Two decades ago, the notion of actually working in applied science with 2D materials was seen as a pipedream. But that all changed after graphene was first forged in Manchester, UK, in 2004. Since then, scientists have demonstrated one-atom-thick semiconductors, insulators, even superconductors. Now, a pair of talented physicists has completed the spectrum by adding magnets to the 2D family.
Up until this breakthrough study, scientists weren’t sure a 2D magnet was even possible. Here we are, though.
The discovery could ultimately lead to novel storage devices that work fundamentally different. Quantum computers might also benefit from this. Most of all, however, scientists working in fundamental physics will have their work cut out for them many years ahead as they now have the chance to perform experiments previously thought impossible. “It’s a matter of principle — there is a big thing missing,” Jarillo-Herrero told Nature.
Previously, the thinnest magnets were demonstrated by a group of Chinese researchers who worked with a crystal made of chromium, germanium, and tellurium. However, when the crystal was stripped to a single-atom layer, it lost its magnetic properties so not a real 2D magnet at all.
To build one, Xu and Jarilo-Herrero literally stripped a chromium triiodide (Crl3) crystal until all was left was a single-atom-thick layer. The reason why they choose this material was that it’s made of stacked sheets that can be separated easily using the so-called “Scotch tape method”, which literally means using adhesive tape to peel off layers off the larger, 3-D crystal form. The technique has been used to make graphene for some time. Secondly, chromium triiodide is ferromagnet (permanent magnet) and is also anisotropic, meaning it has physical properties which vary when measured in different directions. In our case, the material’s electrons spin perpendicular to the plane of the crystal. These were very good hints that suggested chromium triiodide could work as a 2D magnet.
By this point, it’s maybe important to mention what 2D actually means. It’s not the same as in, say, math where 2D means a completely flat plane. After all, this material is made of atoms and an atom is essentially 3D. Functionally, however, the atoms within the monolayer material are considered 2D because the electrons are confined to the atomic sheet, like pieces on a chessboard.
Layer by layer, the two physicists stripped chromium triiodide until it became 2D and low and behold it was magnetic. Moreover, this property arises at a relatively low temperature when working in the atomic domain: -228 degrees Celsius.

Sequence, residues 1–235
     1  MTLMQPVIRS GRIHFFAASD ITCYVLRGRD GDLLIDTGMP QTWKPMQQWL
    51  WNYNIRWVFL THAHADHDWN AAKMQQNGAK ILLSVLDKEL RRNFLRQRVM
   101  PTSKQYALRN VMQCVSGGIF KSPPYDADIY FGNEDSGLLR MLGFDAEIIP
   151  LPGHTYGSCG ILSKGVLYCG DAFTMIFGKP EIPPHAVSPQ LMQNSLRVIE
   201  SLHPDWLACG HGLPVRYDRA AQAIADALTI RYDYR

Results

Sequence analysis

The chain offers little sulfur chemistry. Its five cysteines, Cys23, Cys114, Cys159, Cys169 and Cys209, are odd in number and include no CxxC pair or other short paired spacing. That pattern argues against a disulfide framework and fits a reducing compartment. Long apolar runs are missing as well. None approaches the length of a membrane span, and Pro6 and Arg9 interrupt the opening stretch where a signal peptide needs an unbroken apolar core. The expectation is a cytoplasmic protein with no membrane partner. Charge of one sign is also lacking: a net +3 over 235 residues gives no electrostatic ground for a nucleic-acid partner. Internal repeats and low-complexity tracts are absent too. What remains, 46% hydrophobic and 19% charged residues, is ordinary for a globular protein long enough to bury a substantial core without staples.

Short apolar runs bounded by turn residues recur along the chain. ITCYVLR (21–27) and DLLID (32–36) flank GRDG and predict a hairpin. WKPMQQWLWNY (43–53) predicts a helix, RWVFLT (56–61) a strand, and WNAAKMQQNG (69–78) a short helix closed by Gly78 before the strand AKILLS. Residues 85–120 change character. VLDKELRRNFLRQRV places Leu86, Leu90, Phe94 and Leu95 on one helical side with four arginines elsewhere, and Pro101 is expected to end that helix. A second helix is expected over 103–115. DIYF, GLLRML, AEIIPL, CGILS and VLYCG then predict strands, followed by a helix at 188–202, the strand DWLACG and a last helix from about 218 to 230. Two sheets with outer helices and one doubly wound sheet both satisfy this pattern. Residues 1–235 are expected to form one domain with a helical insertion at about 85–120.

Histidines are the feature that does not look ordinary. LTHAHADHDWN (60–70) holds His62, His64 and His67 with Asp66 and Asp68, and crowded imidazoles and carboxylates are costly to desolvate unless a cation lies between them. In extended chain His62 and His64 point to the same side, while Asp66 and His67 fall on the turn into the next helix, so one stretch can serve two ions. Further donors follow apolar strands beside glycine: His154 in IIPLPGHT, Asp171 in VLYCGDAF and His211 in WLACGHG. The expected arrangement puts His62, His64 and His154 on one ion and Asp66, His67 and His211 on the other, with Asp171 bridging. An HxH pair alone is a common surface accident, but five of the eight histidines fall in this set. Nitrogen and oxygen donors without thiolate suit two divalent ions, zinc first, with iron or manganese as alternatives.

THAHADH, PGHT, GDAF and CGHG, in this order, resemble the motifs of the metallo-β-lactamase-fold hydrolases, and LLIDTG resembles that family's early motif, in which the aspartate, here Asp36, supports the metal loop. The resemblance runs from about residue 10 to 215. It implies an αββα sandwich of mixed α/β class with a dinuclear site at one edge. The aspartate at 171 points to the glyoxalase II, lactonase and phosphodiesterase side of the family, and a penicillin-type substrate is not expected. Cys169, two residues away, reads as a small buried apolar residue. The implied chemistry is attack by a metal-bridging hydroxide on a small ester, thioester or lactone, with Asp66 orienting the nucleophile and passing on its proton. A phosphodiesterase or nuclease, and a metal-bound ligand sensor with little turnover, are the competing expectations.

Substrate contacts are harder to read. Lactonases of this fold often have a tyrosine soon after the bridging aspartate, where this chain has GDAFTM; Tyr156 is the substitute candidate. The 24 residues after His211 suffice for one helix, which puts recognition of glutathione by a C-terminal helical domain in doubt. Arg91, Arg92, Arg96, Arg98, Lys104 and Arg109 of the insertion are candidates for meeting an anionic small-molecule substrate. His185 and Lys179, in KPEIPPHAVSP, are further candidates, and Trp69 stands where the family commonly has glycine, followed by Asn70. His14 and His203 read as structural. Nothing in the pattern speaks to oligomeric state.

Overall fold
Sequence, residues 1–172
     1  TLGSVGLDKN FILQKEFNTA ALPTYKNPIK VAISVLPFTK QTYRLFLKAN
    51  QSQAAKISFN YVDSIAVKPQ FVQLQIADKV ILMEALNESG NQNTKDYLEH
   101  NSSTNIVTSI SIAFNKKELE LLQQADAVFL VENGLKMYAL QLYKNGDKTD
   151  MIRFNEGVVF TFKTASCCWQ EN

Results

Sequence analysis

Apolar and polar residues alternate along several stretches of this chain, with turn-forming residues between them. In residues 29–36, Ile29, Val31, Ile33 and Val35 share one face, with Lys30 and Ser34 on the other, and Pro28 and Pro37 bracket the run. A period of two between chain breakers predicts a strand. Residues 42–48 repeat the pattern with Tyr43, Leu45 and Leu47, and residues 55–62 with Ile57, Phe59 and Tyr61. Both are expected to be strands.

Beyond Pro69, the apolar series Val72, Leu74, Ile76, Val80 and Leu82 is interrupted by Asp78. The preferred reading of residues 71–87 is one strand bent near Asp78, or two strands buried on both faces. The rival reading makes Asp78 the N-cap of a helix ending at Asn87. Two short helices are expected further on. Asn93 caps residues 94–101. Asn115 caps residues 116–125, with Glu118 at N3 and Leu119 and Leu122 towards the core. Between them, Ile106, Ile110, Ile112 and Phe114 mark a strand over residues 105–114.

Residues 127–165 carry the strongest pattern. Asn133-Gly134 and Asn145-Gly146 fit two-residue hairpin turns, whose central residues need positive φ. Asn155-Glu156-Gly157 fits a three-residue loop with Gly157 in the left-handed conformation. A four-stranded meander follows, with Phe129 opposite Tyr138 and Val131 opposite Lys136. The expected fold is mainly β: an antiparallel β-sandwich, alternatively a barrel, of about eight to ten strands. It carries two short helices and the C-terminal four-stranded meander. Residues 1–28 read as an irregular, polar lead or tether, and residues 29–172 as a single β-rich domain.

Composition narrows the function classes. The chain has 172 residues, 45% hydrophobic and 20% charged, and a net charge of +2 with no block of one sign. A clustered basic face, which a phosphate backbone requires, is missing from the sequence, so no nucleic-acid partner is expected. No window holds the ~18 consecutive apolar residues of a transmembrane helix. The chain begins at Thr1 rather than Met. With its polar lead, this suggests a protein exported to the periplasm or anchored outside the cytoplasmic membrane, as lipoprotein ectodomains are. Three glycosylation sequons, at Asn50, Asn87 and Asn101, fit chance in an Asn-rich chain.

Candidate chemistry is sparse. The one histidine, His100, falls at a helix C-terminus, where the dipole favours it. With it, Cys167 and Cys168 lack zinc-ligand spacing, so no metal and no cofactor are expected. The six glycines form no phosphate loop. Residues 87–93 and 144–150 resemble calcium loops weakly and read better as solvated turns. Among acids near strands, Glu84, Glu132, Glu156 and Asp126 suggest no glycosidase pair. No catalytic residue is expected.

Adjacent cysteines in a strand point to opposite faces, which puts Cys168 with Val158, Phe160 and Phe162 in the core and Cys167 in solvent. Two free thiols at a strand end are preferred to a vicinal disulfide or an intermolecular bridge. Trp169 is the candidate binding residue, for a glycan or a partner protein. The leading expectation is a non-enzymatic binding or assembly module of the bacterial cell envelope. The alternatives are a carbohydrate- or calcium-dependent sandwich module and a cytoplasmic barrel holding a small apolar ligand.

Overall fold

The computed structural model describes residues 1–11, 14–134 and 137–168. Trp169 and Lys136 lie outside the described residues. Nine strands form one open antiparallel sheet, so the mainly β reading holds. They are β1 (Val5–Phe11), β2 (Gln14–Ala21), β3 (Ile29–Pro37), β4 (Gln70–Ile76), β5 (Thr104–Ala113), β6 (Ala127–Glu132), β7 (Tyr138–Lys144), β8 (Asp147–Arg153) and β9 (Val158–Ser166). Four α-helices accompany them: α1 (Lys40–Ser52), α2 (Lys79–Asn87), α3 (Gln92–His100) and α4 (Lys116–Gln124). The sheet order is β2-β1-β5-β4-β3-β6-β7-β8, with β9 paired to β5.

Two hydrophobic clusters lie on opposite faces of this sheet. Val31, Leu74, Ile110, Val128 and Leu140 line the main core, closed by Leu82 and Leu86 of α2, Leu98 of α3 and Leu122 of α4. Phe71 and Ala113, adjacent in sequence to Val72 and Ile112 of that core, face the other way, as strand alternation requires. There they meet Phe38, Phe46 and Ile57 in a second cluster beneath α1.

Another interesting quirk was that when the material was comprised of two-layered sheets, it stopped being magnetic. They tested it by shining polarized light on the material, which returns a distinct signature in response to ferromagnetism. Adding another third sheet turned the material back into a ferromagnet and remained ferromagnetic when the fourth layer was added as well. The researchers are still investing why.
“2D monolayers alone offer exciting opportunities to study the drastic and precise electrical control of magnetic properties, which has been a challenge to realize using their 3D bulk crystals,” says Xiaodong Xu, lead author of the study, in a statement. “But an even greater opportunity can arise when you stack monolayers with different physical properties together. There, you can get even more exotic phenomena not seen in the monolayer alone or in the 3D bulk crystal.”
This is the culmination of more than five decades worth of searching for an ultrathin magnet. We now got more than anyone bargained for: a 2D magnet. But to be really useful, physicists would like to find a 2D ferromagnet that works at room temperature and ambient conditions, like in the presence of oxygen for instance. Jarillo-Herrero and Xu are currently exploring other magnets in chromium triiodide’s chemical family for clues.
Meanwhile, they also want to layer this 2D magnet with a 2D superconductor to see what happens.
“Does the superconductor destroy the ferromagnet, or does the ferromagnet destroy the superconductor?” Jarillo-Herrero told Nature. “It was just not possible to do this experiment before.”
“Heterostructures hold the greatest promise of realizing new applications in computing, database storage, communications and other applications we cannot even fathom yet,” said Xu.
The findings were reported in the journal Nature.